Kaplan suffered a traumatic brain injury in a traffic accident, and the dog helps her cope with memory issues and anxiety.

She posted a video to YouTube in which an employee tells her she can’t come in the store with a service dog.

A Starbucks official told Kaplan in an email that he wanted to personally apologize.

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In America, Only The Poor’s Eating Habits Aren’t Improving

September 1, 2014 AP 0

CHICAGO (AP) — Americans’ eating habits have improved — except among the poor, evidence of a widening wealth gap when it comes to diet. Yet even among wealthier adults, food choices remain far from ideal, a 12-year study found.

On an index of healthy eating where a perfect score is 110, U.S. adults averaged just 40 points in 1999-2000, climbing steadily to 47 points in 2009-10, the study found.

Scores for low-income adults were lower than the average and barely budged during the years studied. They averaged almost four points lower than those for high-income adults at the beginning; the difference increased to more than six points in 2009-10.

Higher scores mean greater intake of heart-healthy foods including vegetables, fruits, whole grains and healthy fats, and a high score means a low risk of obesity and chronic illnesses including heart disease, strokes and diabetes. Low scores mean people face greater chances for developing those ailments.

The widening rich-poor diet gap is disconcerting and “will have important public health implications,” said study co-author Dr. Frank Hu of the Harvard School of Public Health. Diet-linked chronic diseases such as diabetes have become more common in Americans in general, and especially in the poor, he noted.

“Declining diet quality over time may actually widen the gap between the poor and the rich,” Hu said.

Harvard School of Public Health researchers developed the healthy diet index used for the study. It is similar to federal dietary guidelines but features additional categories including red and processed meats, sugar-sweetened beverages and alcohol.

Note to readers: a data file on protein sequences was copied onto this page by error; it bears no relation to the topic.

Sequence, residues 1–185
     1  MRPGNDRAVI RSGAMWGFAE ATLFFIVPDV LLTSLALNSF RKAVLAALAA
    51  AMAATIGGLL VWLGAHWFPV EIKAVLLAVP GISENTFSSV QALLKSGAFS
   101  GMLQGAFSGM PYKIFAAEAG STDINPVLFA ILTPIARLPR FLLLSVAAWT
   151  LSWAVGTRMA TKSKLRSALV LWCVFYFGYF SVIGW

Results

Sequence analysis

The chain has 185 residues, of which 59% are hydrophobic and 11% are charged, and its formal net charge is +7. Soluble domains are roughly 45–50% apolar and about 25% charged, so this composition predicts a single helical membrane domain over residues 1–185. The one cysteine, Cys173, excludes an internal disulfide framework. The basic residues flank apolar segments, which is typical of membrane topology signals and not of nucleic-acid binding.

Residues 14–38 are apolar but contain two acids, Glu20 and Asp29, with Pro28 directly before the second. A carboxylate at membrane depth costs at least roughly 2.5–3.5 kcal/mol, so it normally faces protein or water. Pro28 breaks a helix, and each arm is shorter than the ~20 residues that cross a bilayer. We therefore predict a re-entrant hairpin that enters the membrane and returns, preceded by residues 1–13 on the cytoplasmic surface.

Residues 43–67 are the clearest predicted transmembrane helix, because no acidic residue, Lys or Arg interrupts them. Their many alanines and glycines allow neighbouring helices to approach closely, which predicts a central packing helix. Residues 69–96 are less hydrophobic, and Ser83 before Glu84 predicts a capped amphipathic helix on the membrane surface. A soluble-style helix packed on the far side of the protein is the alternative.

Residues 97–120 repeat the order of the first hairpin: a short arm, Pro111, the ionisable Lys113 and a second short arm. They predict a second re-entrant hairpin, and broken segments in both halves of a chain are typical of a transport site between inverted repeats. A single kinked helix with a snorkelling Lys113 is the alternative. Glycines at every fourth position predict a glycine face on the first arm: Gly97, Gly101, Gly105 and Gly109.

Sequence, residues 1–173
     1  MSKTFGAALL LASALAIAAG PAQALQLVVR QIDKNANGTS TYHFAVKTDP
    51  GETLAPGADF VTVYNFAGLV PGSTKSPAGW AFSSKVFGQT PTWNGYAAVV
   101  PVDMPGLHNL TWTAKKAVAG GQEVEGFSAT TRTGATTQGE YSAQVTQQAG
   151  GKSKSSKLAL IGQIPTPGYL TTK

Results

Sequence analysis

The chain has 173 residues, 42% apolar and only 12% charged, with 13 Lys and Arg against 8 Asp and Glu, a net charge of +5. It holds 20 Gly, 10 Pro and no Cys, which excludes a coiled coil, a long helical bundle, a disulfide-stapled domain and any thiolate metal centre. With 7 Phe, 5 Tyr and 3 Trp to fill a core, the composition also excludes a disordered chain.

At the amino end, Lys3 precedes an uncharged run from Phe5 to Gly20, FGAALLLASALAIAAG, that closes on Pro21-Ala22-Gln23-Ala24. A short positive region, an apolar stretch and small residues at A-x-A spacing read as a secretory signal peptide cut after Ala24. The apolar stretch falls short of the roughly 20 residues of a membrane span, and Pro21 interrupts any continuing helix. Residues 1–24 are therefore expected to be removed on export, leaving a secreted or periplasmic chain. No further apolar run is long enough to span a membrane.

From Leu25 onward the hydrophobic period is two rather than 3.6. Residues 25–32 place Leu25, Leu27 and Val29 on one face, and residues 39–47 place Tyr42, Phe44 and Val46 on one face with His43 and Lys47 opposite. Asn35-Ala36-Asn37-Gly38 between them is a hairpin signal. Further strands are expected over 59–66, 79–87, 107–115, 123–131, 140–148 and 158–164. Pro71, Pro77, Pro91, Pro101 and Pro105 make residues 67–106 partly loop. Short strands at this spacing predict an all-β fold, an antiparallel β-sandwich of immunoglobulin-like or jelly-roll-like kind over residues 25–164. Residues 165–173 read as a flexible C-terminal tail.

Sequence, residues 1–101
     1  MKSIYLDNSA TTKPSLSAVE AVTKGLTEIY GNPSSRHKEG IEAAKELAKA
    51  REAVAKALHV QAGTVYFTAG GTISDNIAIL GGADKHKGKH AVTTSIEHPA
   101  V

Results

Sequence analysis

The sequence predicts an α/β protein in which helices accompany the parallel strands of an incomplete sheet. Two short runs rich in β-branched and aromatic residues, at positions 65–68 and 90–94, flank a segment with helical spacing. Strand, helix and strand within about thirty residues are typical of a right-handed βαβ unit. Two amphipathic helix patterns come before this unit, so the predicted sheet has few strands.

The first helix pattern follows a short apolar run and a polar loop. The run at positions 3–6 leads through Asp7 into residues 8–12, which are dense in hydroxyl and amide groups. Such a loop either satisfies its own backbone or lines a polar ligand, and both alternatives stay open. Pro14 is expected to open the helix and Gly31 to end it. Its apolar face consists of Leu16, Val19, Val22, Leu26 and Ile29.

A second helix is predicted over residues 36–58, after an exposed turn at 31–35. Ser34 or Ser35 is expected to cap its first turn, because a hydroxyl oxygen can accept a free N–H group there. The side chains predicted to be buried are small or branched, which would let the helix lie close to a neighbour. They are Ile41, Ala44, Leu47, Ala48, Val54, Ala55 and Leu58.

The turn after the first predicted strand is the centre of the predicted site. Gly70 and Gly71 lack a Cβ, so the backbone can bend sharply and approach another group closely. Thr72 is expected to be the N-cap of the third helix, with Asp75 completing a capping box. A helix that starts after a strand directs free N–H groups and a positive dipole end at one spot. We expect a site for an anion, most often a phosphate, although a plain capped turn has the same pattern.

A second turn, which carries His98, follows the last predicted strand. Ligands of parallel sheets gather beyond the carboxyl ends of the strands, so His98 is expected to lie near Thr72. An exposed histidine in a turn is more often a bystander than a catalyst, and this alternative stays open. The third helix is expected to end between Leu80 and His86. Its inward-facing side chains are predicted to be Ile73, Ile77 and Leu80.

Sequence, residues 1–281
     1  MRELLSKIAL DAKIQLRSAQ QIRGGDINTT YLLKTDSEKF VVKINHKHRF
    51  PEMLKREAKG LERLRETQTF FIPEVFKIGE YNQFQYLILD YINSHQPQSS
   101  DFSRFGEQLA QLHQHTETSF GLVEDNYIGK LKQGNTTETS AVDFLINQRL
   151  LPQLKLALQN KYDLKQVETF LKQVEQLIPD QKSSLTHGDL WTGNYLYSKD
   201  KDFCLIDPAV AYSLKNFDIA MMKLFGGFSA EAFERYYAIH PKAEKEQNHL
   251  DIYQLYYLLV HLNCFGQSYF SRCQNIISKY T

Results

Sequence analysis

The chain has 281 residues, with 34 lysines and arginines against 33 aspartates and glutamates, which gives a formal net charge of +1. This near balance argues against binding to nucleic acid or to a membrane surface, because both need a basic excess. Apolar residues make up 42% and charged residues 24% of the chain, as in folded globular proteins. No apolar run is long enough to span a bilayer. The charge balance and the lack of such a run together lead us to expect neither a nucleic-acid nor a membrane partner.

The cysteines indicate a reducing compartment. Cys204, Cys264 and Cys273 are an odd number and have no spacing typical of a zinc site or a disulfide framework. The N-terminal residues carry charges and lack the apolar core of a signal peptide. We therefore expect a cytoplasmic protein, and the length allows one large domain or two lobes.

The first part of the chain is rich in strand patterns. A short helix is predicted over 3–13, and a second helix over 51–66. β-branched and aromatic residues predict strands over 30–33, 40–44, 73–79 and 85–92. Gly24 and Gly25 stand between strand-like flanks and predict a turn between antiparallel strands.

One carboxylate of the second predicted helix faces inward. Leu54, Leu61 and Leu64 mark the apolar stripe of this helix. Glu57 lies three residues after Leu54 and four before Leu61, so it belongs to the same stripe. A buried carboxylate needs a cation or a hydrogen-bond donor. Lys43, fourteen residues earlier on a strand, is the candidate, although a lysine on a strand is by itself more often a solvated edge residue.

The study authors used that index along with government estimates on trans fat intake to evaluate information in 1999-2010 national health surveys that included interviews with people about their eating habits. The results are published Monday in JAMA Internal Medicine.

Hu said the widening diet gap reflects an income gap that deepened during the recent financial crisis, which likely made healthy food less affordable for many people. Hu also noted that inexpensive highly processed foods are often widely available in low-income neighborhoods.

The overall diet improvement was largely due to decreased intake of foods containing trans fats but the disappointing results point to a need for policy changes including better nutrition education, Hu said.

In recent years the government and manufacturers have moved to phase out use of artificial trans fats in foods including processed cookies, cakes, frozen pizza and margarines. Trans fats contribute to unhealthy cholesterol levels and can increase heart disease risks. These fats are made by adding hydrogen to vegetable oil to improve texture and shelf life.

The study authors say their results are consistent with an earlier report showing that “nearly the entire U.S. population fell short of meeting federal dietary recommendations.”

The federal guidelines are updated every five years and new ones will be issued next year. The current recommendations emphasize limiting intake of trans fats, sodium, processed foods and added sugars. They don’t specify amounts but encourage diets high in whole grains, vegetables and fruits.

The Harvard index has a similar emphasis with some specifics; to get a top score would include eating daily more than two cups of vegetables, at least four servings of fruit and at least one ounce of nuts.

A JAMA Internal Medicine editorial says the Harvard diet index isn’t perfect because it puts equal emphasis on various foods that may not contribute equally to health. Still, the study highlights a “growing chasm” that is a public health concern, the editorial says. It suggests that government efforts to close the gap with programs including food stamps may be insufficient and that limiting government benefits to cover only healthful foods might be a better strategy.

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Online:

JAMA Internal Medicine: http://jamainternalmedicine.com

Federal dietary guidelines: http://tinyurl.com/9yjgeoz